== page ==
Worst Jokes Of The Day

jokes

Guido gives you the best of the worst jokes of day two of Tory conference:

Philip Hammond:

“Remember Ed Balls? I know you remember him from Saturday night – I’m asking if you remember him from when he was Shadow Chancellor… You know Ed was not their first choice for Strictly? They were going to ask Corbyn – but then they discovered he’s got two left feet!”

“Yes, I saw Ed on Saturday too – and, not to sound too much like Craig Revel Horwood, I think his Charleston is probably better than his economic analysis!”

“Corbyn’s big idea is to spend an extra half-a-trillion pounds. I just hope he remembers to water that magic money tree every night before he goes to bed!”

“With Andy Street, our fantastic Conservative Mayoral candidate for the West Midlands, now in place, a great future is within the region’s grasp, it will certainly never be knowingly undersold!”

“I suspect the limiting factor may only be our ability to think up snappy titles for new regional projects!”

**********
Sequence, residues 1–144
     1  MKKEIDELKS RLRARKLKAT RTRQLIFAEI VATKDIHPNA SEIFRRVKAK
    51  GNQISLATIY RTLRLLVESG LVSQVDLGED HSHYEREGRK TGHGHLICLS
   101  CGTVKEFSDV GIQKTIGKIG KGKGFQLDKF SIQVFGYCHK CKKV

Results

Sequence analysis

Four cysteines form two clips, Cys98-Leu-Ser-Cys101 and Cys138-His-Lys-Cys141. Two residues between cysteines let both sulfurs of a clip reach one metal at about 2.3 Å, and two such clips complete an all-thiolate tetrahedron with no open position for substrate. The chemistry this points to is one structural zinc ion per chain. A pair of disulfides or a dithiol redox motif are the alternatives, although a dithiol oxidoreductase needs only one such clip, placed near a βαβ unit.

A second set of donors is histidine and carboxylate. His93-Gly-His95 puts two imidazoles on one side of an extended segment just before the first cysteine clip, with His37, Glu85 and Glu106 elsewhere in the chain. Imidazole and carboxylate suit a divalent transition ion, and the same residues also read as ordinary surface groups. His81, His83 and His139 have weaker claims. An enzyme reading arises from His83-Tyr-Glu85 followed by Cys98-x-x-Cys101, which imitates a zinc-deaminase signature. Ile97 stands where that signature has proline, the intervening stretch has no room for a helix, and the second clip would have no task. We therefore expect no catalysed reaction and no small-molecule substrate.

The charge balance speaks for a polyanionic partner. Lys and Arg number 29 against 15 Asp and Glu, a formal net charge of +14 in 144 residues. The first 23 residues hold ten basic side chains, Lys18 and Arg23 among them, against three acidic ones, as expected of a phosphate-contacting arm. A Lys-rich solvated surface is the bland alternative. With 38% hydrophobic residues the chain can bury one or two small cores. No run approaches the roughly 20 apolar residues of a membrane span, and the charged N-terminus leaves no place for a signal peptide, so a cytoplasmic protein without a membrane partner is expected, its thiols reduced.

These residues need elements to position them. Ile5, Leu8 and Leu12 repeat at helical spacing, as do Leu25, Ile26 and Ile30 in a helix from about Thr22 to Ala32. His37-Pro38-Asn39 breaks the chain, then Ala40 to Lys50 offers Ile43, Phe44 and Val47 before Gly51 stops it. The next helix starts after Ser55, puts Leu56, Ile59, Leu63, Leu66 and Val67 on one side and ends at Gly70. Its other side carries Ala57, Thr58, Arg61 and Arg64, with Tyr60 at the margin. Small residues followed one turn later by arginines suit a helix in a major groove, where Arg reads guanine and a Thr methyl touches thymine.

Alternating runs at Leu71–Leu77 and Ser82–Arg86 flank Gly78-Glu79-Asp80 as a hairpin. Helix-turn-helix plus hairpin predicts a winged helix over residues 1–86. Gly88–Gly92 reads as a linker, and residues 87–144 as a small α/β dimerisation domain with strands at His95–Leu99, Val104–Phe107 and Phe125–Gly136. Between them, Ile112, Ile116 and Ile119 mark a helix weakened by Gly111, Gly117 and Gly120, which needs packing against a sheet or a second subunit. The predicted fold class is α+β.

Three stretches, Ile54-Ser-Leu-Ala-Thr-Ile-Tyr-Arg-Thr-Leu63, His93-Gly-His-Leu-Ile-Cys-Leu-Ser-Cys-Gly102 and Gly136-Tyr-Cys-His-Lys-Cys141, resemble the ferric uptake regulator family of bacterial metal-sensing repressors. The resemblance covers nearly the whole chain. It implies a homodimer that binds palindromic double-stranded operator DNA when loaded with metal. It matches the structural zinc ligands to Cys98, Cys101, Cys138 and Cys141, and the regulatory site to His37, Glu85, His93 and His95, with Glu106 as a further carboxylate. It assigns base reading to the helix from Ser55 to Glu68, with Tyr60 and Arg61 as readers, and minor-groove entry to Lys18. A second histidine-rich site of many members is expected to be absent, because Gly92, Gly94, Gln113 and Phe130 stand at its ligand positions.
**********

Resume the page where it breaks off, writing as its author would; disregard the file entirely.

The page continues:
Andrea Leadsom:

“I don’t know about you, but it seemed to me their leadership election dragged on far too long. If only they’d come to me for advice on how to keep it short.”

“I know so well how frustrating it is to search the house just for a single bar of signal when you’re trying to send a text. Or worse still, if you can’t get on to your Pokemon Go account.”

Karen Bradley:

“Well, I’m really proud I did a maths degree – and I enjoyed working as an accountant. But if you think what I wanted to do after a day of looking at spreadsheets was read more spreadsheets then your grip on reality is as weak as Jeremy Corbyn’s.”

Chris Grayling:

“It’s often tough to get a seat – though not, as Jeremy Corbyn would have you believe, on a mid-morning service to Newcastle.”

“When you leave your home whether you are on a train, in a car, on a bike or walking down the street, if things work, it’s great. If they don’t, I get all the emails.”

It’s the way they tell ’em…




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Quote of the Day

Jacob Rees-Mogg on Theresa May

“There comes a point at which the policy and the individual become so intimately connected that it would be very hard to carry on supporting the person who is promoting this policy.”

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